Michael D. Moberly March 11, 2010
Within the university research community, there remain spirited and polarizing debates about the openness in which research is conducted, that is, the freedom and ability of researchers to disseminate, communicate, collaborate, and publish at will, which incidentally, have long been recognized as the hallmarks of university-based research.
On one side of that debate stand those who favor retaining those legitimate hallmarks of academic freedom, while on the other side of that debate stand those who encourage safeguards be put in place to limit, set parameters for, if not prohibit some of the at will – discretionary freedoms conveyed in the former view, particularly in instances in which the research will likely produce special insights, outcomes, and findings that potentially carry significant (business) competitive advantages that may extend not just to the primary corporate (research) sponsor, but eventually to other U.S. companies and organizations in that sector.
There’s nothing particularly new about these diametrically opposing views, as they have existed in essentially the same format since the 16th century. Regardless, whichever side of this argument one may be inclined to embrace, my experience in this arena suggests there is little middle ground on which to frame – reach consensus, bar one. That is, the opportunity to objectively and dispassionately factor into the university-corporate research equation the realities embedded in today’s intangible asset based, hyper-competitive, aggressive, increasingly predatorial, and winner-take-all global R&D environment.
So, the question may be, do these (aforementioned) realities support the inclusion of specific safeguards to the university-corporate research equation beyond those that predominantly IT (security) oriented? The objective is to prevent-reduce the vulnerability-probability that the sponsored research will be vulnerable to insider theft, infringement, or the ‘always on’ and incredibly sophisticated global business/competitor intelligence operations. In other words, acts that, if even reasonably successful, will dilute and/or impair the research’ strategic value to its sponsor and/or allow, inadvertently or otherwise, competitors (globally) to gain advance insights that permit them to achieve economic, competitive, and market entry advantages.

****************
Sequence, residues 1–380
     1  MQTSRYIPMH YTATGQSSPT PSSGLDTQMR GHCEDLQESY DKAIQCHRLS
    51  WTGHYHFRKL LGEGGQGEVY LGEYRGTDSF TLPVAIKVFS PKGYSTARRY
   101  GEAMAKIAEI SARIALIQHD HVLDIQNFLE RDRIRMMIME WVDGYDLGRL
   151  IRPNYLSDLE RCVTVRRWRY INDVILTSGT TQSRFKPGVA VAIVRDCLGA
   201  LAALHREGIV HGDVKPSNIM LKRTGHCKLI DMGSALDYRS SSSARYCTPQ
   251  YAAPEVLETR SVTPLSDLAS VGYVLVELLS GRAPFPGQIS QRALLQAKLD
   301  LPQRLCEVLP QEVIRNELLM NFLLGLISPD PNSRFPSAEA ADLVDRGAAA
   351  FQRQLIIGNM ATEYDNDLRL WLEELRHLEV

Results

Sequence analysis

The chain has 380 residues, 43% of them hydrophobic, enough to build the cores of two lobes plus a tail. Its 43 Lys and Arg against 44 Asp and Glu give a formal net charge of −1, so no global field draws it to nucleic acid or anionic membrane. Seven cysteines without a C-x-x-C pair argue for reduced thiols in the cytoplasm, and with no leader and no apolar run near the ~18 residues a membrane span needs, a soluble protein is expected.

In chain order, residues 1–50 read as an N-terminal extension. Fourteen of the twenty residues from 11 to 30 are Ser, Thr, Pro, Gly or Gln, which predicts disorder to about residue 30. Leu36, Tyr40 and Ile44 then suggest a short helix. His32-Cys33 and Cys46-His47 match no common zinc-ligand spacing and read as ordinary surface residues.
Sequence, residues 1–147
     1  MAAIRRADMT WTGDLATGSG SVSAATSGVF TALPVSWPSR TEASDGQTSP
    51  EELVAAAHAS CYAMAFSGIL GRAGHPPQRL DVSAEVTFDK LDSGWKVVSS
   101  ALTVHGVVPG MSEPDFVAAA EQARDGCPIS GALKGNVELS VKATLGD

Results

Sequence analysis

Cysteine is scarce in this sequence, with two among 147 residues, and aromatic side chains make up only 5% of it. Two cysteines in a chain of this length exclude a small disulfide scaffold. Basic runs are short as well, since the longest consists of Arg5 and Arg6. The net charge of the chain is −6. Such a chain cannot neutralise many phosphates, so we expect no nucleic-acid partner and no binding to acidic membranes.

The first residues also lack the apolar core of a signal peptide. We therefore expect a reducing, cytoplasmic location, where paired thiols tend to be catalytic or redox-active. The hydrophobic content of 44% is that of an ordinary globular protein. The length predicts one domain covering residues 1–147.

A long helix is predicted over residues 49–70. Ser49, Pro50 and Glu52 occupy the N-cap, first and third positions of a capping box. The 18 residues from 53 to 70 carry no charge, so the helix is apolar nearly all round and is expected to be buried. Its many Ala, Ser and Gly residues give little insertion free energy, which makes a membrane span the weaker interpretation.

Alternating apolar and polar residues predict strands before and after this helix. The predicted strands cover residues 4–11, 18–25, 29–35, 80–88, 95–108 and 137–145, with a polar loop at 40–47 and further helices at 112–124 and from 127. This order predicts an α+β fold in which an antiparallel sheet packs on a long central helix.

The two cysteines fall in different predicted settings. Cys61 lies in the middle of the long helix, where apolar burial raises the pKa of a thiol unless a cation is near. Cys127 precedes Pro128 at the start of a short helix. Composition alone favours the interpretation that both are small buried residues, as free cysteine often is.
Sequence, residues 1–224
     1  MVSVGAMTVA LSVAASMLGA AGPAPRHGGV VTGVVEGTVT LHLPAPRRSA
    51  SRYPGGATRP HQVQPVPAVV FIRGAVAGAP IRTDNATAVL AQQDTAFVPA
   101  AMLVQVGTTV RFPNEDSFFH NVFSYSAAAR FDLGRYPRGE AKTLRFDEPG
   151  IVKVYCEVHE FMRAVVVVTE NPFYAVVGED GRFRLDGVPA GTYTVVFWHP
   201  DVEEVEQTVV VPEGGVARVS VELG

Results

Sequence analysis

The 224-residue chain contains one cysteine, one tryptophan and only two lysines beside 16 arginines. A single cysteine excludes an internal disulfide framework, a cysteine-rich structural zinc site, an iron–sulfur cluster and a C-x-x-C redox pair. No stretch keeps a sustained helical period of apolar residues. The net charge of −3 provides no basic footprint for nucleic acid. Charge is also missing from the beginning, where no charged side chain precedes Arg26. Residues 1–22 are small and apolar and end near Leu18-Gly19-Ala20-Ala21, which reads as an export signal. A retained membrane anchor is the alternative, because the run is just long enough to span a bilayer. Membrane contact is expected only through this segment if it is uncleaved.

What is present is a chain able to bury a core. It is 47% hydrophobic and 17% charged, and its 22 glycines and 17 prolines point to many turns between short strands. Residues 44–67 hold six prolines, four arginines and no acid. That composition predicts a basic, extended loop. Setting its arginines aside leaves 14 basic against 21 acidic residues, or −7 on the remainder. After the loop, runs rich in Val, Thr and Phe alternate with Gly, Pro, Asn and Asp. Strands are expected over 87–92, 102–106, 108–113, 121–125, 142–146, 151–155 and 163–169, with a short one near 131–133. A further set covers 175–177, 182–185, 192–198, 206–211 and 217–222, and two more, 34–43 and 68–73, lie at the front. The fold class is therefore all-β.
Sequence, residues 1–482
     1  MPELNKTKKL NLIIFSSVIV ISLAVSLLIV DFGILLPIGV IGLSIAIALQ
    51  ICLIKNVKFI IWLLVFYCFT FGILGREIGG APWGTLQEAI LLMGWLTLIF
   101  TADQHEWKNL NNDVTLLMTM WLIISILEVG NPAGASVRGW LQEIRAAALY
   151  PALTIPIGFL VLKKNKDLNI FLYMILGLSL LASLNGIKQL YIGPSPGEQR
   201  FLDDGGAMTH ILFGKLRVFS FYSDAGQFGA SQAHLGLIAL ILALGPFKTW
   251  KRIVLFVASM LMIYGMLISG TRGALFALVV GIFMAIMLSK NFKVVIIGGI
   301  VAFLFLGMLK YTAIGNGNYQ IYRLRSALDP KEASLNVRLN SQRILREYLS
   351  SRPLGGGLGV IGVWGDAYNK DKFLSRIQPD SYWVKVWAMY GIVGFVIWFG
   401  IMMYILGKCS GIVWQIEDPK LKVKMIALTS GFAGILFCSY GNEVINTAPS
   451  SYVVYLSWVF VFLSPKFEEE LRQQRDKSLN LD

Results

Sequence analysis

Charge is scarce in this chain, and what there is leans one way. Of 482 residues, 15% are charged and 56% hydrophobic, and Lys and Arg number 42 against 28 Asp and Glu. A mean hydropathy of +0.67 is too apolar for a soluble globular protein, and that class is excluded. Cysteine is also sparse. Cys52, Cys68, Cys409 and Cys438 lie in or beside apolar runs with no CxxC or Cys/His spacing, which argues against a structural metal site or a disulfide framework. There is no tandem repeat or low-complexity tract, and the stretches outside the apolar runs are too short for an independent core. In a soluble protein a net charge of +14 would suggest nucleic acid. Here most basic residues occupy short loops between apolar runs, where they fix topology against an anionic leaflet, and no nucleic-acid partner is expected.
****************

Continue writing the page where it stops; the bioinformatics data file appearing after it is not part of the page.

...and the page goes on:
Walk me through-a-day-in-the-life of university research…An analogy may be useful as a potential starting point to advance this principled tug-of-war. For example, when company representatives go before a venture capital firm to seek funding, one of the series of questions (scenarios) a VC will invariably pose to obtain a better sense of the usefulness and viability of the product or service being pitched, is to ask a company representative to ‘walk me through’ a-day-in-the-life of a (target market) company in which the product or service is absent. And then ‘walk me through’ a-day-in-the-life of that same company after the product or service becomes operational. The VC’s follow-up questions will then be framed as w I see a difference?, will the company be better off?, if so, what and how will those differences manifest?, and how will those differences be exploitable to benefit the company?, i.e., to become more profitable?, gain/retain customers?, create efficiences?, improve morale?, etc.
It’s not inconceivable that a comparable, but objective and dispassionate ‘walk me through a day in the life’ approach would be useful to advance the time honored debate about university research. Key (objective) questions that could be posed then to researchers/scientists are (1.) consider their ability to sustain unchallenged control, use, ownership, and value of their research throughout its value-life cycle, and (2.) what do they, their university, and research sponsor consider to be minimum foundation(s) for retaining viable options for (future) licensing and/or technology transfer?
(In addition to being an information asset protection specialist, Mr. Moberly remains a consistent researcher and consultant on these matters which began while he was a member of the faculty at Southern Illinois University at Carbondale from 1982-2002.)